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My trail camera took a few photos of a coyote moving during the warm day light hours. The coyote has the mange disease. He doesn

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  • Gary Devine
    replied
    Guys, thank you for your comments.

    Chuckles, I feel better now.
    I wouldn't want to hurt the bear population with a mange infested coyote hanging around the bait pile.

    Leave a comment:


  • chuckles
    replied
    I did a quick spin through cyberspace and it looks like any animal that can harbor mites is susceptible. That being said close contact is a big part of transmission. Like lying together in a den so I don't think the bears on the bait are in great danger. Which is good because keeping coyotes off a bear bait would be well nigh impossible.

    Leave a comment:


  • DakotaMan
    replied
    Gary, I've been seeing a lot more coyotes with mange in South Dakota over the last two years (maybe as much as 10% of them). Most I have seen have no fur at all. They typically die when the really cold weather hits. They do pass mange to each other but typically not to other animals as I understand it.

    Leave a comment:


  • Gary Devine
    replied
    Sorry guys, this link is the photo of the daytime coyote with mange.

    www.fieldandstream.com/photos/trophyroom/recent/single?pnid=1001499615#1001499615

    Leave a comment:


  • Sarge01
    replied
    The only animals that I have had to destroy during my career that have had the mange are dogs, foxes and coyotes. I have never seen it in any other animals. On another note the most misleading report that I used to get was that someone saw a raccoon that had the rabies. 99.9% of them had distemper, just like your tame housecats get , and people thought it was rabies. It would eventually kill them.

    Leave a comment:


  • deadeyedick
    replied
    Mange is caused by an uncontrolle growth of mites and can be transfered from one animal to another that are in close proximity to each other. if you are concerned about the coyote , shoot it if you can and destroy the carcass. Also in some late stages of rabies animal take on that scruffy look so be careful.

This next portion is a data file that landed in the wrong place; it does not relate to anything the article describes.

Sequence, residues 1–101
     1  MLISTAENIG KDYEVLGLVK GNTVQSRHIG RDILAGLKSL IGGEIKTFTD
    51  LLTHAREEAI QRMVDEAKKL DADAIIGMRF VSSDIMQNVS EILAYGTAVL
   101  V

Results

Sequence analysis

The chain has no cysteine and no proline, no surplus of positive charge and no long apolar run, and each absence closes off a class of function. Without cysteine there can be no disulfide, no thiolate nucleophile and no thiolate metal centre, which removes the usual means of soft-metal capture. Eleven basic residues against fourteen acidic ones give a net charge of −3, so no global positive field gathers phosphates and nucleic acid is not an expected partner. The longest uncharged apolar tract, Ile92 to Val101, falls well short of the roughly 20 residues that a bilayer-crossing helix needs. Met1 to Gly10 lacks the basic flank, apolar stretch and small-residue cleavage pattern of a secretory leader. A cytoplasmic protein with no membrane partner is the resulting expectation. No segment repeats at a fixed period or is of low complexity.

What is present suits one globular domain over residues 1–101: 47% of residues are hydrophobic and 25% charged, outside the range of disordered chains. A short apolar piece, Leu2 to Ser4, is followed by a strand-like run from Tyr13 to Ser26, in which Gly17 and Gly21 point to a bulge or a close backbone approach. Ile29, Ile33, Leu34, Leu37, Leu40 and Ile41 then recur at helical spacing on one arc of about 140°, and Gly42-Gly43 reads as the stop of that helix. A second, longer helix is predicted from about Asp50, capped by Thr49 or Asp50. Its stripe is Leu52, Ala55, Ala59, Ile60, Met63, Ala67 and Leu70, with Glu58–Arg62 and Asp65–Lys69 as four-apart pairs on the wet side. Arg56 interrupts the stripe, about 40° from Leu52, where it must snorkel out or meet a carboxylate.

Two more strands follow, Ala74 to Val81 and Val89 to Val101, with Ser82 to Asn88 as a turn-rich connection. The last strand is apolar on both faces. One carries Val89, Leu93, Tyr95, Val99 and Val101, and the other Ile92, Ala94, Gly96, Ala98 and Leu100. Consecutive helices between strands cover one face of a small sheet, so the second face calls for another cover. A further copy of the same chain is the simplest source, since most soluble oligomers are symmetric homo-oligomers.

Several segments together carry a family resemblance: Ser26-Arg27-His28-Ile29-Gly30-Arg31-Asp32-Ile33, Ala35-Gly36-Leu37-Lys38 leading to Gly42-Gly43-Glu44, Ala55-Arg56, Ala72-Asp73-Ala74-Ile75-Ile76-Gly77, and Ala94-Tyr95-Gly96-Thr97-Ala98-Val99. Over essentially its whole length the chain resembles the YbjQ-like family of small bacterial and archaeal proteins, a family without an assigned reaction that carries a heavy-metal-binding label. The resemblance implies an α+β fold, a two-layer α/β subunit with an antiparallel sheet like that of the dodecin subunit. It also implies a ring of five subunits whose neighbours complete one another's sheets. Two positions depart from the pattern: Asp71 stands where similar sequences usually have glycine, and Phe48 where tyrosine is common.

Leave a comment:


  • Barnaby Wylde
    replied
    Mange and other parasites are already on all mammals, including you and me. They tend to take over after the immune system has been compromised.When that happens,the skin infection gets worse, further overwhelming the immune system, etc., making the animal susceptible to any kind of disease, including those that are transmissible by saliva, urine, and feces.

    Leave a comment:


  • Gary Devine
    replied
    My trail cam photo below shows a coyote with the mange disease. He is missing fur on his body and tail. He is also thin.

    www.fieldandstream.com/photos/trophyroom/recent/single?bonnier_photos_maintype=%2A%2AALL%2A%2A&fil ter0=%2A%2AALL%2A%2A&filter1=%2A%2AALL%2A%2A&filte r2=%2A%2AALL%2A%2A&page=0

    Leave a comment:


  • My trail camera took a few photos of a coyote moving during the warm day light hours. The coyote has the mange disease. He doesn

    My trail camera took a few photos of a coyote moving during the warm day light hours. The coyote has the mange disease. He doesn't look good and chances are he will not survive the winter. I posted this coyote's photo in the F&S; Trophy Room and the same photo link is in my first comment. My question is can this coyote contaminate other animals feeding at the same bait pile of dry dog food such as bears? Does this disease only affect other members of the canine family? Anything you guys want to share or add about the mange disease, I would appreciate it. Thank you!

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